When these Brew Dudes first started brewing, English Porters were a style we brewed a lot. It’s a good style when the base of your beer is built off of malt extract and your steeping grains on your stovetop. It’s been a while since we have had a Porter on the show, so we go with a bit of a throwback. Here’s a quality, straightforward English Porter with no extraordinary ingredients like fruit or chocolate to mess it up.

Bring on the dark! Watch this video

Straight Ahead Porter Recipe

For this recipe, we are providing percentages for the grain bill for you to use for your own typical volume.

Distilled water with additives to hit this profile.
Calcium: 100 ppm
Magnesium: 5 ppm
Sodium: 41 ppm
Sulfate: 80 ppm
Chloride: 200 ppm (resulting in a 2.5 to 1 chloride to sulfate ratio)

Rahr Pale Ale Malt (77% of the bill)
English Crystal Malt – 55°L (7% of the bill)
Dark Chocolate Malt – 500° L (7% of the bill)
Biscuit Malt (6% of the bill)
Black Patent Malt (3% of the bill)

2 ounces or 56 g of East Kent Goldings Hops – added for a 60 minute boil

1 packet of LalBrew Windsor Ale Yeast

Mashed at 152°F (67° C) for 50 minutes
Ramped up the temperature to 168°F (76° 68C) for 10 minutes mash out
Fermented for 2 weeks at 68°F (20° C)

Starting Gravity: 1.046
Final Gravity: 1.014
ABV: 4.2%

Our Straightforward Tasting Notes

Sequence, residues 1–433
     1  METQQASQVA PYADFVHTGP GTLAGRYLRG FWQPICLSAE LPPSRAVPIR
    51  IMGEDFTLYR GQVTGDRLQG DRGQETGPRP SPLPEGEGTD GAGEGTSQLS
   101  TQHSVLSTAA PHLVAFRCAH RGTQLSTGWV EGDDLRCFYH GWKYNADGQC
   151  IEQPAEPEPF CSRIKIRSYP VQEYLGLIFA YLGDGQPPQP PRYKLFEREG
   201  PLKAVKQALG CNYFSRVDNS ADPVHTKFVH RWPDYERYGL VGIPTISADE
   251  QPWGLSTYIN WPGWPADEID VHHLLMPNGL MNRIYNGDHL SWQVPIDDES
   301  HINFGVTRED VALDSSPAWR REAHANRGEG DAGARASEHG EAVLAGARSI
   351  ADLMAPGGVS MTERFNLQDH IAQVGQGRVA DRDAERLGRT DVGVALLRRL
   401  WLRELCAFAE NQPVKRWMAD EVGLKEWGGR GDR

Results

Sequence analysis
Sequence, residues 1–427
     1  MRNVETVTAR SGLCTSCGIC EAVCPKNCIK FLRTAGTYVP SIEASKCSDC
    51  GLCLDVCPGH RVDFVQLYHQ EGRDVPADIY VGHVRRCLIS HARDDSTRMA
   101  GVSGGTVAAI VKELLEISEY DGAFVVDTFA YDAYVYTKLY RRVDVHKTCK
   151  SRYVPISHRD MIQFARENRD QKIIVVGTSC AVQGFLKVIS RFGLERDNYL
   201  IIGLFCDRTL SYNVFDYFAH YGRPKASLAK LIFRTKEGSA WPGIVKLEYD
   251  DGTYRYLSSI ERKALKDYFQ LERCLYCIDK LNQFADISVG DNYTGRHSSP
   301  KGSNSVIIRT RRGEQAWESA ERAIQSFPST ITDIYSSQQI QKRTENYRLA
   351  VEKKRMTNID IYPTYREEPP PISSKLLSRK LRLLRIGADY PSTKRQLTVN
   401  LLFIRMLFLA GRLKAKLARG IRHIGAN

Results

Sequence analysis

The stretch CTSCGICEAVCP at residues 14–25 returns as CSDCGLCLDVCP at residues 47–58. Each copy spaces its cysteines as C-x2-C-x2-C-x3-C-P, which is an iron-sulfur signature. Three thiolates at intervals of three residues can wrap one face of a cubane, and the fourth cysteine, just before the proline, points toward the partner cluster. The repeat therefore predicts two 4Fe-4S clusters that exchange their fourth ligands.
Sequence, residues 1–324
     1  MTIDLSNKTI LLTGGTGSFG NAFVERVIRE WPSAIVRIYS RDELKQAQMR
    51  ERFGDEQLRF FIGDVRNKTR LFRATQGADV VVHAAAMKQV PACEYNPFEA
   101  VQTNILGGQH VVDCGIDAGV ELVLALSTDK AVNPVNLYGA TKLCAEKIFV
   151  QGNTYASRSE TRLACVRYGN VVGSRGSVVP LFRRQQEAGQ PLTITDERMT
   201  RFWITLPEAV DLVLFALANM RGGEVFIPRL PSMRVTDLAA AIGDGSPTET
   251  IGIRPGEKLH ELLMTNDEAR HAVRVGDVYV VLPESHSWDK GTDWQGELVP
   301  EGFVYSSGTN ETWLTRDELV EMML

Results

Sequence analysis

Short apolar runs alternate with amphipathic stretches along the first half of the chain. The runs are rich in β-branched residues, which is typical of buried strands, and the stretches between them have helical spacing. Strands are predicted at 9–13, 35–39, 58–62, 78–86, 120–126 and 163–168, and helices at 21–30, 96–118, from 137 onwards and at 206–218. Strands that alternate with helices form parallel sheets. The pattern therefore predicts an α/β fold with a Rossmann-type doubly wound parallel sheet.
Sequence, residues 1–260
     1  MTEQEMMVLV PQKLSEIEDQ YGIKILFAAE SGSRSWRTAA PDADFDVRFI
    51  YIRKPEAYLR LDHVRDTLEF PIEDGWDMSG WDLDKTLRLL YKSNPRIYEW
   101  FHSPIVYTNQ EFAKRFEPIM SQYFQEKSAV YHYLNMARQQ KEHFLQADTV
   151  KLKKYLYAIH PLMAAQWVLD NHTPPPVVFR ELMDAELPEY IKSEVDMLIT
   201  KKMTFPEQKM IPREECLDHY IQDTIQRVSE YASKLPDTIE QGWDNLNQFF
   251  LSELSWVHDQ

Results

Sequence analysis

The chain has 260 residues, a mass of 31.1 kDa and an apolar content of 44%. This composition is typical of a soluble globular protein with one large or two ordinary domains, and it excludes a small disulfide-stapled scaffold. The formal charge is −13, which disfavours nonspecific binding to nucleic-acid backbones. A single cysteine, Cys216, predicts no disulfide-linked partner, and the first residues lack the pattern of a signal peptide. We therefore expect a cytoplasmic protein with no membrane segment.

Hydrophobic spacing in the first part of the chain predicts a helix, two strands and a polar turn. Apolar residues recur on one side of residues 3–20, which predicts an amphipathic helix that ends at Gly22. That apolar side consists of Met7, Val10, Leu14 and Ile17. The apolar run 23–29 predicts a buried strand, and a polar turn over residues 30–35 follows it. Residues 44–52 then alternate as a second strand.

Appearance: This beer is dark brown, not black which we feel hits the mark for this style.

Aroma: There is definitely the presence of roasty notes from the Black Patent Malt and some caramel notes from the Crystal malt. There’s also a hint of black licorice and a dusty milk chocolate character.

Flavor: This beer has a balance of flavors, with a significant roast character and a strong presence of darker chocolate malt. The low attenuation yeast keeps a certain sweetness in the beer, which complements the roastiness. Mike thinks there is a subtle hint of instant coffee or a weak cappuccino in the background.

Overall Impression: We like this beer and think with a bit more conditioning time to allow yeast to settle, it will taste cleaner and even better. This English Porter is going to be a great choice for colder weather and campfires that is coming our way in the Northern Hemisphere. Bring on the dark.